Raindance 2013 line-up announced

But did they make a mistake in putting Julian Assange on their jury?

Review: Ain't Them Bodies Saints

Rooney Mara is fantastic in this delicate, sun-soaked Western

Review: About Time

Ever since I was a boy, I always wondered about voice-overs...

Film review: Wadjda

Every now and then, a film comes along that changes the world. Sometimes, you don't even realise it's doing it.

World War H – or hate’s not all that

What do Shyamalan, World War Z and Man of Steel have in common? Hype - and hate.

https://i-flicks.net/components/com_gk2_photoslide/images/thumbm/222186raindance.jpg https://i-flicks.net/components/com_gk2_photoslide/images/thumbm/289307aint_them.jpg https://i-flicks.net/components/com_gk2_photoslide/images/thumbm/600165about_time__1_.jpg https://i-flicks.net/components/com_gk2_photoslide/images/thumbm/276452wadjda_top.jpg https://i-flicks.net/components/com_gk2_photoslide/images/thumbm/783758world_war_h.jpg

Star Ratings

Well good


iFlicks on Twitter

Home Reviews LFF 2012 Reviews London Film Festival Review: Song for Marion
London Film Festival Review: Song for Marion Print E-mail
Written by Ivan Radford   
Friday, 19 October 2012 15:25
Song for Marion London Film Festival
Director: Paul Andrew Williams
Cast: Vanessa Redgrave, Terrence Stamp, Gemma Arterton

Song for Marion premieres at the Odeon West End tonight, but if you’re planning to see it, you better hope that they fix the air conditioning in time: it rained on my face during the movie. Several times.


Frank (Stamp) is a grumpy old git. He doesn’t smile. He doesn’t sing. He doesn’t laugh. He doesn’t even like taking his wife, Marion (Redgrave), to singing practise. It’s hard to see why: happy doing everything from hip-hop and the Love Shack to AC/DC, The OAPz are a toe-tapping bunch of pensioners. Some of them can even dance the robot – intentionally.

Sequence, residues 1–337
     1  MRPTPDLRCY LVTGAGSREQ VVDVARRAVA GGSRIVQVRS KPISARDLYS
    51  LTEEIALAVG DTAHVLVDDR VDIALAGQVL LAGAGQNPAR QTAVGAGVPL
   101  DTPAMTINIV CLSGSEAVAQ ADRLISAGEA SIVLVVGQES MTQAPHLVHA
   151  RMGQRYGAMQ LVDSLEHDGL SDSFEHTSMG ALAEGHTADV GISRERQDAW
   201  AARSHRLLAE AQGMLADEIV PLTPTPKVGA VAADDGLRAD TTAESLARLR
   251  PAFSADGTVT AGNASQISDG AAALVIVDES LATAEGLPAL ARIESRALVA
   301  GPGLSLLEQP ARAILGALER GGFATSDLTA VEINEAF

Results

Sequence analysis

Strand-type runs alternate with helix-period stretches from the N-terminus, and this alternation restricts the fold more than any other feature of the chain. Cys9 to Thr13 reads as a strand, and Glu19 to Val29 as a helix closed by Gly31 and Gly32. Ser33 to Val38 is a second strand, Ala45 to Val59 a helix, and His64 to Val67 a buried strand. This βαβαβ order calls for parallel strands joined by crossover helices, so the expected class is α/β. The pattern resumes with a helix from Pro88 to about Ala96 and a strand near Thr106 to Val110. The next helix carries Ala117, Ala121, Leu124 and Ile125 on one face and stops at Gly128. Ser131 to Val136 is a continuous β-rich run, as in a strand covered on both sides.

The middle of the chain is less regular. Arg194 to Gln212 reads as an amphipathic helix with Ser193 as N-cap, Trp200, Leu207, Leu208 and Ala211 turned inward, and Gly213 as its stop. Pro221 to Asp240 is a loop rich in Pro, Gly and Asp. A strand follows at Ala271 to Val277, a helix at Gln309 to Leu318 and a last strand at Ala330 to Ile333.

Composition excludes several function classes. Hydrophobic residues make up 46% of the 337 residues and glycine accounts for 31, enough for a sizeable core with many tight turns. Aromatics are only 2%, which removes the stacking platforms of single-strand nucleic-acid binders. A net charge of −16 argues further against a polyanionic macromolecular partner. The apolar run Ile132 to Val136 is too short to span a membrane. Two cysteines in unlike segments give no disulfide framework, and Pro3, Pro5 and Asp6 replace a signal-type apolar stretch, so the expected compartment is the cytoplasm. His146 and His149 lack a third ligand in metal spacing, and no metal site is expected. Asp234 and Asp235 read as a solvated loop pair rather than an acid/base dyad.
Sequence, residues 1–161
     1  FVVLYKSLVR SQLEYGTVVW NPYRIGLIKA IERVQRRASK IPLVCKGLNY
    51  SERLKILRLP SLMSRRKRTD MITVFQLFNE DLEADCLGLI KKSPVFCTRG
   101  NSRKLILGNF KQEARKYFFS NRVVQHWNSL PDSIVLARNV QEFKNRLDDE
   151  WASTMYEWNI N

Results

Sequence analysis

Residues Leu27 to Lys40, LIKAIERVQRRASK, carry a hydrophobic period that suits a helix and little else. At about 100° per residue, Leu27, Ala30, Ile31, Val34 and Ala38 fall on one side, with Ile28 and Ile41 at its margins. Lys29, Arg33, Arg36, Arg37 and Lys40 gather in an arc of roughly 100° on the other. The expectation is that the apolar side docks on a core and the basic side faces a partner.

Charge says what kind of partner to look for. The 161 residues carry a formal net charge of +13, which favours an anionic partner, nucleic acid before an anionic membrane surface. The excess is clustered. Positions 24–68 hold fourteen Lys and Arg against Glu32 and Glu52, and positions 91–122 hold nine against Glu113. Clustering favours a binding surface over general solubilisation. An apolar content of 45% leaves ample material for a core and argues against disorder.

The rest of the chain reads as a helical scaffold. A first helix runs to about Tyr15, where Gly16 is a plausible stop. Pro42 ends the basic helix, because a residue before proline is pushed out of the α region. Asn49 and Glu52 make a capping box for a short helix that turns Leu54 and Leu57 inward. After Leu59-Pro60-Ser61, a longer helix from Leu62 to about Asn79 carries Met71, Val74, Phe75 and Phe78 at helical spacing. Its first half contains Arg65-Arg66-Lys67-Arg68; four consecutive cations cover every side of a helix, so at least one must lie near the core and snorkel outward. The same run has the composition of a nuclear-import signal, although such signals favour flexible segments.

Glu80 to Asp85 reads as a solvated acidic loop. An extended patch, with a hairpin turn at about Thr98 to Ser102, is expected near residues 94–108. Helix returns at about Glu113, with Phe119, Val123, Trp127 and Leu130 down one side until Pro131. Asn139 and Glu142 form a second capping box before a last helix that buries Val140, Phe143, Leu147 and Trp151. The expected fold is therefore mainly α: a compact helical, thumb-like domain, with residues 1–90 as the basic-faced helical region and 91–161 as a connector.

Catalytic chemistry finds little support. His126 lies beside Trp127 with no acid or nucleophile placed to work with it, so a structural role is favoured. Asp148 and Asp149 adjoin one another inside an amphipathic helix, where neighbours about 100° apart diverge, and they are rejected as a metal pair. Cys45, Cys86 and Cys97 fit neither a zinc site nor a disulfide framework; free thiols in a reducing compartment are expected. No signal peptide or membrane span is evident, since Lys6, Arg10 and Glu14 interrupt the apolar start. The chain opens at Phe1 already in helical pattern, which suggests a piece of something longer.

But everything hits a bum note when Marion is told she's dying of cancer. She puts on a brave face. He scowls even more. His son (a curiously-accented Christopher Ecclestone) stops talking to him. Can Marion continue singing? Will Frank change his tune? Do The OAPz actually stand a chance of winning the upcoming choir contest?

There are no prizes for guessing how it all turns out. It’s basically Sister Act, but with old white people instead of Whoopi Goldberg. But while Paul Andrew Williams’ drama may be a spreadsheet titled Feel-Good Drama that ticks all the necessary boxes, it’s also the most moving spreadsheet you’ve ever seen.

Jumping from The Cottage to this, Williams handles the tonal shift impeccably, doing all the right things – cameras lingering in hallways, hushed confrontations in kitchens. And the cast are great. Stamp glowers like a man possessed, Gemma Arterton is adorable as the enthusiastic choir leader and Redgrave's wide-eyed optimism is heart-wrenching. One beautiful scene where she sings True Colours will leave you crying buckets - but that's just the warm-up act for the rousing finale. The words "Come on, granddad!" have never sounded so adorable.


Sister Act 3: Back in the Nursing Home. And in no way is that a bad thing.